Sachadeva: The theater is beautiful and big enough to hold fourteen characters and an epic story. As the YHA, the community here may identify with the loss of land and community, given the history of Jewish people being expelled from so much of Europe; and the community may also resonate with the history of being allies to those who are being persecuted, given, for example, the history of Jewish-Americans support of the Civil Rights Movement. The play deals with divisions and also highlights those who cross the religious boundaries to save each other.

The Y: What makes this show relevant?

Sachadeva: It’s the 65th anniversary of the partition this year. Beyond that, the story of partition is one that exists around the world – from gentrification of communities in New York to Israel/Palestine. We grapple with issues of “loyalty,” “enemy,” “duty” in our daily lives and contemporary partitions. We struggle against the imperial/colonial strategies that divide people who are otherwise willing to live side by side.

The Y: What inspired MT Works to select this play? (Or, for the playwright, why did they choose you!)

Sachadeva: MTWorks is committed to producing new plays and challenging their comfort zones. By choosing this play they are acting on their willingness to do the difficult, sometimes awkward cross-cultural work of learning history and culture they are not familiar with and networking with artists and audiences who they had not yet worked with. At a theater level, they are doing the work that the heroes in the play do.

For more info, visit the 2nd floor theater lobby for a postcard, or visit http://www.mtworks.org.

Try our BUFF BRIDE Workout!

Our Buff Bride Christen worked with Jordan last week with exercises that addressed strength, balance and core.  Here’s what she did this week. 

Warm Up:Opposite Arm/leg reach: Balance on all fours in a kneeling position, and slowly reach out opposite arm and leg. This stretches and strengthens the lower back, engages the core and warms up the arms and legs.

Prone Cobra: Lying on your stomach, slowly raise both arms and legs while engaging your core. Again, strengthening and stretching your back and engaging your core.

Exercises in Circuit (two times through):

Dumbbell Squat to Press: Christen used 8 lbs in each hand, and 15 reps for each set. For all these exercises, choose the weight that allows you to do 15 reps, working to fatigue.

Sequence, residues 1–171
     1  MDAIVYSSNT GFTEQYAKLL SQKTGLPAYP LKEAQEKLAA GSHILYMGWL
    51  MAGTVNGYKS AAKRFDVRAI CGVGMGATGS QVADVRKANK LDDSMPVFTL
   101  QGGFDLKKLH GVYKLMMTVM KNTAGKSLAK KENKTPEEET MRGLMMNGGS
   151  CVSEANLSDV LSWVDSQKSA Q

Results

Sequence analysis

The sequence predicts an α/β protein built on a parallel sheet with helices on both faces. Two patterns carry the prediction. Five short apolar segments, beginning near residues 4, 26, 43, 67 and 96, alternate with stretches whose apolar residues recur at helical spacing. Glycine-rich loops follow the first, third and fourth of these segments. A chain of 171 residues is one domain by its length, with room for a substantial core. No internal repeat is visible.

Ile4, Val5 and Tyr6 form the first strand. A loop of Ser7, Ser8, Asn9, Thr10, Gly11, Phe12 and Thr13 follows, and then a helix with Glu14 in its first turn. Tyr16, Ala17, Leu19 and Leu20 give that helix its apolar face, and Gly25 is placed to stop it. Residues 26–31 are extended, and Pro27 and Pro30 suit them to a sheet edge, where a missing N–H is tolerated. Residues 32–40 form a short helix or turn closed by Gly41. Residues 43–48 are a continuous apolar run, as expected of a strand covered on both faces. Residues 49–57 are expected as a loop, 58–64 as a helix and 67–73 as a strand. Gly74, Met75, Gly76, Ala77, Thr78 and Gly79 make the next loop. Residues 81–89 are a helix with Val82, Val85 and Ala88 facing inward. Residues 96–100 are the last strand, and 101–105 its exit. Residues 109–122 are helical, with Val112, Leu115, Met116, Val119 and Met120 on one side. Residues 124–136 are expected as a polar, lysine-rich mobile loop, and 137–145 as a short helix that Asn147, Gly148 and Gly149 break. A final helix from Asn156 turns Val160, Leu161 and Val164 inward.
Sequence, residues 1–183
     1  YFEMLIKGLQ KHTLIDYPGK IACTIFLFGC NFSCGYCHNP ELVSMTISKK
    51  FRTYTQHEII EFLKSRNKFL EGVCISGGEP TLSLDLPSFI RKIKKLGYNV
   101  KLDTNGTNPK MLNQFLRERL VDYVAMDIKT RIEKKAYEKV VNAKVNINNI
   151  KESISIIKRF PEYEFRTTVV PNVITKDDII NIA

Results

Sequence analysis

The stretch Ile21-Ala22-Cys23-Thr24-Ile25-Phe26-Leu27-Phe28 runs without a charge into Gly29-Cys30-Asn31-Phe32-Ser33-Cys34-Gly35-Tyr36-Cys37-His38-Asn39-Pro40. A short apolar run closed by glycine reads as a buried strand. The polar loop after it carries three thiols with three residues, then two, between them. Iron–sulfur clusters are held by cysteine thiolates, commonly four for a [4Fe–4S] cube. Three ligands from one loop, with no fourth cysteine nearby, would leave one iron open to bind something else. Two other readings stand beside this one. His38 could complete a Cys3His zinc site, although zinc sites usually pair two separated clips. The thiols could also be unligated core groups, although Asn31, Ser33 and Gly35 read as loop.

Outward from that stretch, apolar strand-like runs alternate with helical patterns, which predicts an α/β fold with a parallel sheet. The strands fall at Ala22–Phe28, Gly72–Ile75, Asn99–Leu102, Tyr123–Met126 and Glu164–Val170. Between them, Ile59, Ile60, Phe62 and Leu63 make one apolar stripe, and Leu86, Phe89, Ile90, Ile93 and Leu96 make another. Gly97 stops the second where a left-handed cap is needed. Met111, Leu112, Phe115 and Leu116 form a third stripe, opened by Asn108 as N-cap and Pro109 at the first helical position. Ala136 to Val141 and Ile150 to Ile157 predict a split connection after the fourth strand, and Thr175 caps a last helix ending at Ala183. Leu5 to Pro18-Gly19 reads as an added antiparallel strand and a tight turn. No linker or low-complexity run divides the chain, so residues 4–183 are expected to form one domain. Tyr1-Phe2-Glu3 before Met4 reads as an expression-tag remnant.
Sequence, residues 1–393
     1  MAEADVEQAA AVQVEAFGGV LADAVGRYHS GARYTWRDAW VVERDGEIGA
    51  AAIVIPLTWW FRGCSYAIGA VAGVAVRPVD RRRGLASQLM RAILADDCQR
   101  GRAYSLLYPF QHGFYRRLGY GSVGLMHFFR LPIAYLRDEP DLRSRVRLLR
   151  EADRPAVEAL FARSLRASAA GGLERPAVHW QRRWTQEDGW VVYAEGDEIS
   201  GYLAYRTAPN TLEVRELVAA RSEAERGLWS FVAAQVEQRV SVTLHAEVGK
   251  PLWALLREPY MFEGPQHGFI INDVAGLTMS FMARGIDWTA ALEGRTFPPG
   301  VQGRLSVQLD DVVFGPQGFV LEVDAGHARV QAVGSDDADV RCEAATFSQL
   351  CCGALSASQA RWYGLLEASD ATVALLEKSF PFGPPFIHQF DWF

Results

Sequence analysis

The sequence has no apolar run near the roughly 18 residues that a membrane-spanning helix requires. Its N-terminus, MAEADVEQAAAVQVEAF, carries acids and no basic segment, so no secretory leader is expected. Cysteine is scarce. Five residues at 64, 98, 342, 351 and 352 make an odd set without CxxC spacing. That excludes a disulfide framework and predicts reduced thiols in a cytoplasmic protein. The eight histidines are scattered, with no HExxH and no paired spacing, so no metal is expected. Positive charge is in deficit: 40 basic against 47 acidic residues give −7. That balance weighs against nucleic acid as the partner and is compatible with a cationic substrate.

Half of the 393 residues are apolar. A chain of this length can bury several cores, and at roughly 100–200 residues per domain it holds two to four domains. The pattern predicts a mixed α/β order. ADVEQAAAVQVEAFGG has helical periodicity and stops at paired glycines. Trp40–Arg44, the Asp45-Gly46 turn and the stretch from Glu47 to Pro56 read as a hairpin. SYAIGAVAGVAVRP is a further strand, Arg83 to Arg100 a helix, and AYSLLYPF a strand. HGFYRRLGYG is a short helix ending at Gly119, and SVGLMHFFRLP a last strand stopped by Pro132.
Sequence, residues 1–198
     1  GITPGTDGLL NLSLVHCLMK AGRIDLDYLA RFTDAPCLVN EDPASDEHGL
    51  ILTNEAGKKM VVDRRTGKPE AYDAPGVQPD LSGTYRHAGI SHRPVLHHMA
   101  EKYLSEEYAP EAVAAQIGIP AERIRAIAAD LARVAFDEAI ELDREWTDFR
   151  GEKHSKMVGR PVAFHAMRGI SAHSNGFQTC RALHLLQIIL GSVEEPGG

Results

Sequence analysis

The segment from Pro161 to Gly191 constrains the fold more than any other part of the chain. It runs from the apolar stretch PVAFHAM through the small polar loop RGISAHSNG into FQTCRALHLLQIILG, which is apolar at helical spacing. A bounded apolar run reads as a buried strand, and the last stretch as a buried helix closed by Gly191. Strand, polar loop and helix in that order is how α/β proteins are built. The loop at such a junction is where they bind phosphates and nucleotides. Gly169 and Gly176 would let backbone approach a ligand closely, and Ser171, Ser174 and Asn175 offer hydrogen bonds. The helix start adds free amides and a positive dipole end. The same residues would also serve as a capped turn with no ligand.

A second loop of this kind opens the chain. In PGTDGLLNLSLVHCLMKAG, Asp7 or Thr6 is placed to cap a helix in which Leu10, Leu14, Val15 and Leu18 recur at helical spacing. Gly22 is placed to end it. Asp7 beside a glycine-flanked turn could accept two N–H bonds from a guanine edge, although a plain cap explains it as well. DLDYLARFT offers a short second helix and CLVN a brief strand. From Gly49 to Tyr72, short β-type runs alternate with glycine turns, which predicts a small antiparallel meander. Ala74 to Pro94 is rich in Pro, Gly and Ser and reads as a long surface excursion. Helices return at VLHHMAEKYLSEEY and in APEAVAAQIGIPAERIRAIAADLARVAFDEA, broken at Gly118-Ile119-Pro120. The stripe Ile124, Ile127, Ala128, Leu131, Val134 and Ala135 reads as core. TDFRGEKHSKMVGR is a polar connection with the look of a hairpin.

Dumbbell Chest Press: Christen used 15 lbs in each hand, 15 reps for each set.

Machine lat Row: Christen used 25 lbs, 15 reps each set.

Dumbbell Step-Up (right side) 8lbs in each hand, 15 reps per set
Dumbbell Step-UP (left side) 8lbs in each hand, 15 reps per set

After working through this circuit 2 times, Christen moved to the elliptical trainer for her cool down.

Elliptical workout:Warm up for 3-5 minutes keeping Heart rate in the 151-164 zone
Then push for 1-2 minutes with Heart rate in the 170-176 zone
Recover back to 151-164 for 3-5 minutes
Repeat 3x, then cool down for 2-3 minutes.

Try it and let us know what you think!

Japan Earthquake: One Year Later

Sunday, March 11th marked the one year anniversary of the earthquake, tsunami and destruction that hit northeastern Japan.  Many in our own community were deeply affected as they worried about their relatives, friends and homeland.

As the Y continues to think about ways to be green, we acknowledge the reasons why.  Reprinted today from The Atlantic, their deeply moving photos and article about Japan, one year later.


Japan Earthquake: One Year Later


This Sunday, March 11, will mark the one-year anniversary of the horrific earthquake that struck northeastern Japan, spawning an incredibly destructive tsunami that crippled the Fukushima Daiichi nuclear power plant. In the year that has passed, much has changed. Mountains of rubble have been cleared, but not fully disposed of yet. Nuclear power has fallen out of favor, and confidence in the government has been shaken. Japan mourns the confirmed deaths of more than 15,850 people, and still lists 3,287 as missing 12 months later. Questions remain about rebuilding villages, cleaning up the nuclear exclusion zone, and deciding the future of nuclear power in Japan. Collected here are recent images of those affected by the disaster, coping and moving on one year later. [Photos 25-29 are interactive before/after photos, be sure to click to see the transition. See also Japan Earthquake: Before and After, featuring more interactive photos.] [45 photos]